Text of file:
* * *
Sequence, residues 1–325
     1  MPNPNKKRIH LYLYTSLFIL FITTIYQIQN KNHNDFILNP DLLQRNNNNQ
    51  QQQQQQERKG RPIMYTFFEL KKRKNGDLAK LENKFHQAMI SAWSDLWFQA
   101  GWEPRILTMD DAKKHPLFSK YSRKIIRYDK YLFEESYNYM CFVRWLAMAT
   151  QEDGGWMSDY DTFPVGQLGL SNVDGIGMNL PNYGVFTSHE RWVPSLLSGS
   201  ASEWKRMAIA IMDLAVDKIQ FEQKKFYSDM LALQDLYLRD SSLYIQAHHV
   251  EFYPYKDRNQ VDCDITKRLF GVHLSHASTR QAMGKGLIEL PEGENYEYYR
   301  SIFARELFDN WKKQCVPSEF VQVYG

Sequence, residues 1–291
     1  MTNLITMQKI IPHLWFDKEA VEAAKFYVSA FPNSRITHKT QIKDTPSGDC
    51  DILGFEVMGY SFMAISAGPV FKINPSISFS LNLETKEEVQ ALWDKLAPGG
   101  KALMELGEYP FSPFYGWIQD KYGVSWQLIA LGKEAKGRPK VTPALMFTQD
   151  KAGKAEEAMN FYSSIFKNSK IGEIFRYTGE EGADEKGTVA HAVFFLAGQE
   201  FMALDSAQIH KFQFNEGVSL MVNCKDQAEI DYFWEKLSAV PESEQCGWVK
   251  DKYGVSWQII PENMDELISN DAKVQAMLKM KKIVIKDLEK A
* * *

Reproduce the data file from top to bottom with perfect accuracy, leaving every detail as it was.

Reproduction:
Sequence, residues 1–325
     1  MPNPNKKRIH LYLYTSLFIL FITTIYQIQN KNHNDFILNP DLLQRNNNNQ
    51  QQQQQQERKG RPIMYTFFEL KKRKNGDLAK LENKFHQAMI SAWSDLWFQA
   101  GWEPRILTMD DAKKHPLFSK YSRKIIRYDK YLFEESYNYM CFVRWLAMAT
   151  QEDGGWMSDY DTFPVGQLGL SNVDGIGMNL PNYGVFTSHE RWVPSLLSGS
   201  ASEWKRMAIA IMDLAVDKIQ FEQKKFYSDM LALQDLYLRD SSLYIQAHHV
   251  EFYPYKDRNQ VDCDITKRLF GVHLSHASTR QAMGKGLIEL PEGENYEYYR
   301  SIFARELFDN WKKQCVPSEF VQVYG

Sequence, residues 1–291
     1  MTNLITMQKI IPHLWFDKEA VEAAKFYVSA FPNSRITHKT QIKDTPSGDC
    51  DILGFEVMGY SFMAISAGPV FKINPSISFS LNLETKEEVQ ALWDKLAPGG
   101  KALMELGEYP FSPFYGWIQD KYGVSWQLIA LGKEAKGRPK VTPALMFTQD
   151  KAGKAEEAMN FYSSIFKNSK IGEIFRYTGE EGADEKGTVA HAVFFLAGQE
   201  FMALDSAQIH KFQFNEGVSL MVNCKDQAEI DYFWEKLSAV PESEQCGWVK
   251  DKYGVSWQII PENMDELISN DAKVQAMLKM KKIVIKDLEK A